"I've never seen anything like this!" My friend Pat exclaimed as he contorted his neck backwards to gaze toward the top of the cliff, dark red stone meeting the brilliant blue sky. Coming from him, a well traveled and mutant-status climber, this confirmed that this was the place to be. As our heads slowly lowered back toward the ground, scoping the climbing route called Tuna Town, 5.12d, our eyes met and we both instantly knew that this was going to be a route to remember, located on a wall that can't be represented accurately on film.

Staring in amazement around the circular amphitheater of the Motherlode crag, the sun bounces off of the west facing walls across from us and projects a yellow glow into the deep green forest. The red and orange rock starts in the cool shade and rises violently into the air creating a massive 150 foot tall tsunami that feels as though it could break at any moment. If this was the stairway to heaven, then we are the panting, sweating, screaming heathen climbing up the underside of the staircase, groveling for forgiveness the entire way. At this particular cliff, there are no breaks, no ledges, and no places to catch your breath on your journey to the pearly gates at the top. Fine tuned technique and extreme endurance are integral to successfully climb the walls, as well as a positive attitude and a climbing crew that supports you the whole way.

Completing the pre-climb sequence, nodding toward Pat, I grab the first holds and gaze up towards the sky, trying to gain answers from the rock. Visualizing myself on the route; my eyes follow the path of least resistance and try to see if there are any places that look beyond what I am capable of. Frowning, I come to the realization that I've seen several sections that look beyond possible for me. In the back of my mind, this is exactly what I wanted.

A deep breath, a slap on the back from Pat, and I'm off. The beginning of most climbs start out like a song and this one is the same way. A relaxing and melodic intro coaxes me into moving up the route. Soon the tempo picks up, in time with my heavy breathing and racing heart. The blood in my arms starts to boil as my fingers search for the hold that will let me continue on my way. In the middle of the wall, I start to wonder if this route will ever end. I feel as tired as though I've run a marathon, and my body is letting me know by filling my arms and legs with stinging lactic acid. My fingers act as if they are stiff and cold, hindered from fatigue.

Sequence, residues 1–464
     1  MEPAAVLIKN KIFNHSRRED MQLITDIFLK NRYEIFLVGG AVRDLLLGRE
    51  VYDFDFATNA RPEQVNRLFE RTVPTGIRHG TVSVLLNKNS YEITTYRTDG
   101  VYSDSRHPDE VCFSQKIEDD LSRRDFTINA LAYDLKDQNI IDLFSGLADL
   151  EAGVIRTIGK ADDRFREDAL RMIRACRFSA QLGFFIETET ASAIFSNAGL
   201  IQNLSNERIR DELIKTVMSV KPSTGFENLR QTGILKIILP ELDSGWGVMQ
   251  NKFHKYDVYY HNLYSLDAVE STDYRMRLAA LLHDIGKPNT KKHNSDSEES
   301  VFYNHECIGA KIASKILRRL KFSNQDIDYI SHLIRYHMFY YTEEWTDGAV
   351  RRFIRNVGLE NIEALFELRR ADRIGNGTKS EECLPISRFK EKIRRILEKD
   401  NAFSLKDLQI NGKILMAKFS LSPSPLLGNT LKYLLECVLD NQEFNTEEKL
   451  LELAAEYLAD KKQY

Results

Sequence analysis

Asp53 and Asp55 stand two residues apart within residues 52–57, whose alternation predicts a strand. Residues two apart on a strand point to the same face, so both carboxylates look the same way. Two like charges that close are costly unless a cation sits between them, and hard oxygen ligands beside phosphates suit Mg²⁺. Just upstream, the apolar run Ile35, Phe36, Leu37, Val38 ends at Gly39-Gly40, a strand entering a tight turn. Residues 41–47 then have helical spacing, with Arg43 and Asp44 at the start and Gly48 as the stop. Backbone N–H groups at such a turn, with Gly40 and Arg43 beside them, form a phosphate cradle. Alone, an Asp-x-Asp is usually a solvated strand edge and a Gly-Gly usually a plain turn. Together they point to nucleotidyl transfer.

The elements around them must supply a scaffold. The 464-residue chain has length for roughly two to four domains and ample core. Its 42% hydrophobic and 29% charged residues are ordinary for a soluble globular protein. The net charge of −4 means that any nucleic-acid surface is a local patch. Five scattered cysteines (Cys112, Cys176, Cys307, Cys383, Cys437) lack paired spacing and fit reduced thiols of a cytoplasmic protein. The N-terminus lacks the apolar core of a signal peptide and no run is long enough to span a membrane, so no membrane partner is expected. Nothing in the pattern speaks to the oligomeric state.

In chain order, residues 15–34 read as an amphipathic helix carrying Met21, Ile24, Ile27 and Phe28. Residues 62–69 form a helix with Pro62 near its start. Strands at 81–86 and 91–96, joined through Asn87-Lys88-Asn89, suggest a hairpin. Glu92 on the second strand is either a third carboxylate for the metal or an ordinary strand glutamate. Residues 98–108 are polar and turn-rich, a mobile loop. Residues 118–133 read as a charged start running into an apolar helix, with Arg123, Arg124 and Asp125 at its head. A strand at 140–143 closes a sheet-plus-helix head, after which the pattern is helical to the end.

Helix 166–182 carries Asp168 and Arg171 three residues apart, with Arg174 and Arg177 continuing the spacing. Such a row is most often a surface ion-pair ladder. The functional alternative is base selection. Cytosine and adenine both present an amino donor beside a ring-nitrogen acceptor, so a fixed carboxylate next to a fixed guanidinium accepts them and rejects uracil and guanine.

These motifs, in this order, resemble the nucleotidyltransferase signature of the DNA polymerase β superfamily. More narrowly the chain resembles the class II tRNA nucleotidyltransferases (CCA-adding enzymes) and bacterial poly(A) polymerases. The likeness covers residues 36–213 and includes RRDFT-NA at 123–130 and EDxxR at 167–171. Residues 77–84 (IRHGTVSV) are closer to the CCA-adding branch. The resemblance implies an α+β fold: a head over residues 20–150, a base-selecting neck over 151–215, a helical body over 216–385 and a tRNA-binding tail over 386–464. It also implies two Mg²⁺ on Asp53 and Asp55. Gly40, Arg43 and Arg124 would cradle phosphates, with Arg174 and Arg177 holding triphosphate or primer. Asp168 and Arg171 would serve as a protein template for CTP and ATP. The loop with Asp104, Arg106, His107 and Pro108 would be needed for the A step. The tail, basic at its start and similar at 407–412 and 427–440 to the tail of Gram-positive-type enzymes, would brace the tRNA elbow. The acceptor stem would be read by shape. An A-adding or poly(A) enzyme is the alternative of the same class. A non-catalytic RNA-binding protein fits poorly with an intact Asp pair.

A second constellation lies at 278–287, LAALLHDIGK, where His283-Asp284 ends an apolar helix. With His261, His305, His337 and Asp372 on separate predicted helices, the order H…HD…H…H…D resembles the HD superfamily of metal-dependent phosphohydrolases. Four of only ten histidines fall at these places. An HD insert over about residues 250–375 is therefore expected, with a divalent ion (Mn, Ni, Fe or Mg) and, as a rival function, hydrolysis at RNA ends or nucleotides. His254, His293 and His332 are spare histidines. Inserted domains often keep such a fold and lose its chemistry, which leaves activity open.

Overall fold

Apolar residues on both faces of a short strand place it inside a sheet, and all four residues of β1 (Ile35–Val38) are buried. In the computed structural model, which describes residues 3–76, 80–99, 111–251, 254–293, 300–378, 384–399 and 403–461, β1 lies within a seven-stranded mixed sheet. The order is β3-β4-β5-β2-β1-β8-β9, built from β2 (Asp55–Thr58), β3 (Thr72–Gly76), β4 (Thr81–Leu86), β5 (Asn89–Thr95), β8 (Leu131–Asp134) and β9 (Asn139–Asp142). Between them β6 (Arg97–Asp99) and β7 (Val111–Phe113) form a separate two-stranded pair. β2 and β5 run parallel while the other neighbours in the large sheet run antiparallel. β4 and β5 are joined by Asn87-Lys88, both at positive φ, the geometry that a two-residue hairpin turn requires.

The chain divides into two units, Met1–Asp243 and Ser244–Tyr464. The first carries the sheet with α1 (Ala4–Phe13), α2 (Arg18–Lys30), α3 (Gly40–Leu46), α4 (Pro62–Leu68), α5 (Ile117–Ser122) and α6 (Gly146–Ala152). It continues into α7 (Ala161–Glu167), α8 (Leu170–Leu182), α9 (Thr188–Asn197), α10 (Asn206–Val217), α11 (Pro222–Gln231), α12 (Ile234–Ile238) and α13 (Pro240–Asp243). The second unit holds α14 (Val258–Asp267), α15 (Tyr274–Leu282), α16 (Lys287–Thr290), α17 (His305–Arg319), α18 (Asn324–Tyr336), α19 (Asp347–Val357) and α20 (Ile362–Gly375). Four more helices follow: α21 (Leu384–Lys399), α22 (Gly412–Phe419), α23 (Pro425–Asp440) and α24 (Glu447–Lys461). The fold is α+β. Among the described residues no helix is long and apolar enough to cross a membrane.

With a few movements of my arms and legs, I'm now positioned about 15 feet above my last piece of protection, which means a fall from here would be at least a 30 foot fall into nothing but air. I look around, and I find nothing to hold on to. I blink, and in an instant I'm floating, weightless. All at once the song stops, and all is silent except for the air softly whispering by my ears. The fall seems to last forever and a feeling of great exposure washes over me as I experience the dizzying height of the Motherlode. When my fall finally stops, the only part of the song still playing is the bassline, throbbing deep within my chest as I swing in space.

"That was a good fall", Pat said warmly, as he took his belay gloves off after lowering me back to the ground.

"That was a good catch!" I replied, replaying the long fall in my head. Pat took his turn on Tuna Town and came close to completing it. At the end of the day, even though we hadn't successfully climbed the route, we each learned something. Just like a book, every climbing route will teach you something whether you finish it or not. We both had something inspiring to come back to on our next trip to the Red.

Good rock, friendly locals, and the unique southern style of Kentucky separate this climbing destination from all the rest. The Red is a place where a lifetime of climbing and dreaming coalesce into the perfect climbing expedition. No matter the heat and humidity of a late June day, no matter the poison ivy and horse flies, climbing on Kentucky's sandstone makes you glad that you're a climber, and that you discovered Dixieland climbing for yourself.



even thou im 11 i know alot bout this george there are 3 kinds of poisonous snakes there are rattle snakes copper heads and water snakes

Posted on May 19, 2011 - 1:26pm
by austin


Great story. I'm planning on visiting the Red this summer, and this just makes me want to go even more. Does the Red have much multi-pitch? or are they just tall climbs for a single rope?

Posted on July 17, 2010 - 2:09pm
by Matt